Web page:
Clinical manifestations include hepatosplenomegaly, anemia, thrombocytopenia, and bone disease. Types 2 and 3 GD also exhibit neurologic involvement. Type 2 is characterized by onset of neurologic involvement before age two, and a rapid disease progression with death usually occurring by age four, while type 3 is characterized by a slower neuronopathic disease progression with individuals living into their thirties or forties .
Dermatologic manifestations may be caused by insufficient levels of ceramide as a result of deficient acid-β-glucosidase, leading to abnormalities in the epidermal permeability barrier.
Systemic Implications and Complications
GD can result in anemia, thrombocytopenia, splenomegaly, and bone disease including osteopenia and osteoporosis. Thrombocytopenia may result from hypersplenism or marrow infiltration and may be associated with easy bruising or bleeding. Anemia results from hypersplenism, or iron or B12 deficiency. GD patients can also have acquired coagulation factor abnormalities and abnormal platelet aggregation.
Splenomegaly is commonly seen in GD patients and the spleen can be significantly enlarged. Massive splenomegaly may result in abdominal discomfort or fullness. Hepatomegaly is commonly seen, although cirrhosis or liver failure is rare.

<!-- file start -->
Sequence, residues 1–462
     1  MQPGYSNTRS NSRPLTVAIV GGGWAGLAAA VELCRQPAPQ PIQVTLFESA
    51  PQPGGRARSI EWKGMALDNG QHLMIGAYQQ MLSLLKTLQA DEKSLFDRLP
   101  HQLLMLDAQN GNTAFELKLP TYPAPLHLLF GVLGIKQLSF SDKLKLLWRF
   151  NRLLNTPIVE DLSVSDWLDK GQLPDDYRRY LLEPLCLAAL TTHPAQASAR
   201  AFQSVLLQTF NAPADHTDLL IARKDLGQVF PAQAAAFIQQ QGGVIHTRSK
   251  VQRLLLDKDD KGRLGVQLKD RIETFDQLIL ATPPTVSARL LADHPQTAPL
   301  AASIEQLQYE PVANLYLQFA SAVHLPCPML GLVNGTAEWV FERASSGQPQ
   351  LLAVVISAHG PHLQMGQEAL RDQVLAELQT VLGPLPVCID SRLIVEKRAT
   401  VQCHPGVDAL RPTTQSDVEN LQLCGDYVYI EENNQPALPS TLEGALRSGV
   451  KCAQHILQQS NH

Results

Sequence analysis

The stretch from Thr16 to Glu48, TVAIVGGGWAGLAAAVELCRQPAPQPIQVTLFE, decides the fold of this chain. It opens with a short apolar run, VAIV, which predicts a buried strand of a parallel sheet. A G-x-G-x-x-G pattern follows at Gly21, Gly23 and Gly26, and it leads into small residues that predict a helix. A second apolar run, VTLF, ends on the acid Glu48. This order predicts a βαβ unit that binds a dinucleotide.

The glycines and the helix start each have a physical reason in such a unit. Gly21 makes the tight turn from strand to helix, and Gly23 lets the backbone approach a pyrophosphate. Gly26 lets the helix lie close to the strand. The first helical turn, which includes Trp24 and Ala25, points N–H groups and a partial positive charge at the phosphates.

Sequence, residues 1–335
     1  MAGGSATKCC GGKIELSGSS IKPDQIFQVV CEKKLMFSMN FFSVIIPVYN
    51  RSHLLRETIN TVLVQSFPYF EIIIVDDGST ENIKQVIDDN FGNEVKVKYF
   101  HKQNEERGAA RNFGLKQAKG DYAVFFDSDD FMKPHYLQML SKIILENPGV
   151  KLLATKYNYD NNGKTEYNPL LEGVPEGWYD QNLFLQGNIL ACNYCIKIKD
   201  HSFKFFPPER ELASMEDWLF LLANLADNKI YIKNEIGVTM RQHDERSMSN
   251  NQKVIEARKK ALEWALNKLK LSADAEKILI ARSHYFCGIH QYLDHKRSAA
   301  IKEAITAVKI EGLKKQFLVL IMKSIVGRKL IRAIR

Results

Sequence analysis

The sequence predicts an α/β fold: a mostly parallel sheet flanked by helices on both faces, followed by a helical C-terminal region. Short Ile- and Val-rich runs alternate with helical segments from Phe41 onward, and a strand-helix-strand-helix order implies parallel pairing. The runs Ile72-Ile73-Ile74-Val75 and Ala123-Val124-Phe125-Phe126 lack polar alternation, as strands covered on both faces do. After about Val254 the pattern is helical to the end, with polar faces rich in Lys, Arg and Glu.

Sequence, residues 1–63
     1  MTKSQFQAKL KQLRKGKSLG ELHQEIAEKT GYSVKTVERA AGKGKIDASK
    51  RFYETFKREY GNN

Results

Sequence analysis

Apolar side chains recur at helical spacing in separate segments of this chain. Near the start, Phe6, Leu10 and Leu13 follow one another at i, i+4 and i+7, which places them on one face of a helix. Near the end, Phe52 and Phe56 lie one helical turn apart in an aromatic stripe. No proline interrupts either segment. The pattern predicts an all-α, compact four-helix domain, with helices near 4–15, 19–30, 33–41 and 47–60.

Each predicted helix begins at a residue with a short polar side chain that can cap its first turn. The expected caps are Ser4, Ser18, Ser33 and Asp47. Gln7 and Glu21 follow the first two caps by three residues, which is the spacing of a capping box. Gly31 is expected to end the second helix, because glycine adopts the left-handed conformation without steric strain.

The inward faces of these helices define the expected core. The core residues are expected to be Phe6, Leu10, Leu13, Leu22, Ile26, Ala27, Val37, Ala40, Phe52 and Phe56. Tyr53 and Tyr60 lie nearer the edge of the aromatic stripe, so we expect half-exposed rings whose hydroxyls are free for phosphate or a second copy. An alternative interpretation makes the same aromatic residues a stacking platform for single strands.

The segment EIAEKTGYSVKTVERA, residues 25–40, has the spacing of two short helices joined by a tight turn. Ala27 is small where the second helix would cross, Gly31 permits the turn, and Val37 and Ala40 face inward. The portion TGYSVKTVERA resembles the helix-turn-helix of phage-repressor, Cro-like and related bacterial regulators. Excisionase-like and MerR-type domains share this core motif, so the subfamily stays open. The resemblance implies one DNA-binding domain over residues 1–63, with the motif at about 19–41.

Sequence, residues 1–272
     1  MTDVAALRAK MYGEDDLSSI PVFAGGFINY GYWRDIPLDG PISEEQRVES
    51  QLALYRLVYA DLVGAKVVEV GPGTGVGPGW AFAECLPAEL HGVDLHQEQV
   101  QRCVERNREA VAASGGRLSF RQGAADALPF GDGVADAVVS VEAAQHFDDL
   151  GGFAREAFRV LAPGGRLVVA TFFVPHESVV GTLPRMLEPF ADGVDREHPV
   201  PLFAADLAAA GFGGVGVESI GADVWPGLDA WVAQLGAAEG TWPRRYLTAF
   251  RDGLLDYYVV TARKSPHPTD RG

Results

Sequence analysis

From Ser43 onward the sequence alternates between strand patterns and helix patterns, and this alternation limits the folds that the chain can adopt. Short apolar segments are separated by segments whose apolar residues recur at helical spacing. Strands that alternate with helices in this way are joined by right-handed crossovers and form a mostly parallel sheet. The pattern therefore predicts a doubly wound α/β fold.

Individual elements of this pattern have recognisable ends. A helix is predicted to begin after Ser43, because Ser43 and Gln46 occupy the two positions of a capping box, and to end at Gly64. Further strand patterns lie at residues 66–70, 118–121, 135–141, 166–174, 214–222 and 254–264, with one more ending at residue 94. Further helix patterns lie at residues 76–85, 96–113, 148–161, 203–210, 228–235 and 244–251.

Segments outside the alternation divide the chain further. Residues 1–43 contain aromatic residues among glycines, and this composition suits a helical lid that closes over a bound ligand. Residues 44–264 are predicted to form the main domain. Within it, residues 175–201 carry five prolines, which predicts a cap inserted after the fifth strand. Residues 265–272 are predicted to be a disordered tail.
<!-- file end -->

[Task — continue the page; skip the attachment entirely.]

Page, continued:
Bone disease in Gaucher is often debilitating and can result in acute or chronic bone pain, avascular necrosis, pathologic fractures, and joint collapse. Patients may be asymptomatic and still have osteopenia or osteoporosis. Growth retardation can be seen in symptomatic children with GD.
GD patients may have lung involvement, primarily in the form of interstitial lung disease or pulmonary hypertension. Severe pulmonary hypertension is more commonly seen in splenectomized patients.
Patients may also have polyclonal or monocloncal gammopathy and other immunoglobulin abnormalities. GD can also result in elevation of angiotensin-converting enzyme, chitotriosidase, CCL18, ferritin, and tartrate-resistant acid phosphotase. HDL cholesterol levels are typically low. Patients also have an increased risk for multiple myeloma and hematologic malignancies. Although the pathophysiology is still unclear, GD patients appear to be at increased risk for Parkinson disease.